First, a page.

This was an action for specific performance of an alleged contract for sale of real estate. After issue joined the cause was referred to the master to hear and determine all issues and report to the Court. The master filed his report, which was in favor of the defendant. Exceptions were filed thereto by the plaintiff, and the cause was heard by his Honor, Judge Memminger, who filed his decree reversing the master and decreed in favor of the plaintiff for a proper understanding of the case. The report of master and decree of his Honor will be incorporated in the report of the case. After filing of the decree defendant appealed and by eight exceptions imputes error on the part of his Honor and seeks reversal. The points raised by the exceptions will be considered together as they all challenge his Honor's finding of fact.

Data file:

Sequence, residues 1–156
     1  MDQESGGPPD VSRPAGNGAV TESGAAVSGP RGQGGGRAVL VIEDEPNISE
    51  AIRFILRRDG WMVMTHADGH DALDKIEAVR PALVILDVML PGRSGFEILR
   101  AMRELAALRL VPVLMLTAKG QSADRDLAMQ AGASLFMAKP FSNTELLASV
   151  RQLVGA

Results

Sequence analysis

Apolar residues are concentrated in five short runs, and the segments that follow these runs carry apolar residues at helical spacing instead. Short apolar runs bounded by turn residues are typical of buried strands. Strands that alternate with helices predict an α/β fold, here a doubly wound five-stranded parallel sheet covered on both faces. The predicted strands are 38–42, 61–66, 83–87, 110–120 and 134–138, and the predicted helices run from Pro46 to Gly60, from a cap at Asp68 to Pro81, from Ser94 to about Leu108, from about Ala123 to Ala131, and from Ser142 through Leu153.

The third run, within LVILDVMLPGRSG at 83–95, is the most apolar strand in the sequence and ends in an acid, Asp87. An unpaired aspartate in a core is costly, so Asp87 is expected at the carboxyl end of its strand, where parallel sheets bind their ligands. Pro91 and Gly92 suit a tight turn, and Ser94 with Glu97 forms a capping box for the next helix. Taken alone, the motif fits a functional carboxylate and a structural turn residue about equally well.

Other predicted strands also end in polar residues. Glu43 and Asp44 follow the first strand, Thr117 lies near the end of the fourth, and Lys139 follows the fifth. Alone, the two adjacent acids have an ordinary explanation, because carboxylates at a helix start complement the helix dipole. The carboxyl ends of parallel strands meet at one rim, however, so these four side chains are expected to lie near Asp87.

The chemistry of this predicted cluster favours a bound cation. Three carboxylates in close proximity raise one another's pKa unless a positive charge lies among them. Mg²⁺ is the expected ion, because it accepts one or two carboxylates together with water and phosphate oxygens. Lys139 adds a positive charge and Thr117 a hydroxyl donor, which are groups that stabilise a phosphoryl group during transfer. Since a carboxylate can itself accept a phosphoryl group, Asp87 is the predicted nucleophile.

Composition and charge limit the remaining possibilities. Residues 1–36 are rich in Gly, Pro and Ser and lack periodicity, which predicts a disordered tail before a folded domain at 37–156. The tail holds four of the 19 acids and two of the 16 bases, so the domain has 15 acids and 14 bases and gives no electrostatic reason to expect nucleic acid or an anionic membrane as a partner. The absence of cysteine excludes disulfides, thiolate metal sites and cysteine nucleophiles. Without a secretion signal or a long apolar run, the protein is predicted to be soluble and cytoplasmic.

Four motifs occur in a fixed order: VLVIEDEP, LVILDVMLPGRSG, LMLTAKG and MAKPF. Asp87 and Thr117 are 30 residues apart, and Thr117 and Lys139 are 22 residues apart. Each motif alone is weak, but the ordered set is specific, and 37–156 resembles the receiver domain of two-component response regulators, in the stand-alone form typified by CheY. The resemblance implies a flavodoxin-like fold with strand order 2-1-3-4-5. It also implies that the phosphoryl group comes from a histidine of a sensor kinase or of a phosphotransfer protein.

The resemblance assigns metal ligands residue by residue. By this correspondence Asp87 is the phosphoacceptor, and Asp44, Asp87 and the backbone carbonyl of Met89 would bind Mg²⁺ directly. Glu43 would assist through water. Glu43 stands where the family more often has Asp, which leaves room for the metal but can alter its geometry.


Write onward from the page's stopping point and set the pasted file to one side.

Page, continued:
The enforcement of a contract for specific performance rests in the sound discretion of the Court, and in order for the plaintiff to avail himself of this doctrine: "He must show a clear, definite and unequivocal agreement together with acts of performance or parts of performance."

It is not a matter of absolute right but rests in the sound discretion of the Court and the exercise of that discretion will depend upon the facts and circumstances of each case a Court of equity will not decree specific performance unless the contract is fair, just and equitable, nor if it fails to express the true agreement of the parties by reason of fraud, accident or mistake. Crawford v. Crawford, 77 S.C. 211; Marthison v. McCutcheon, 84 S.C. 265; McChesney v. Smith, 105 S.C. 178.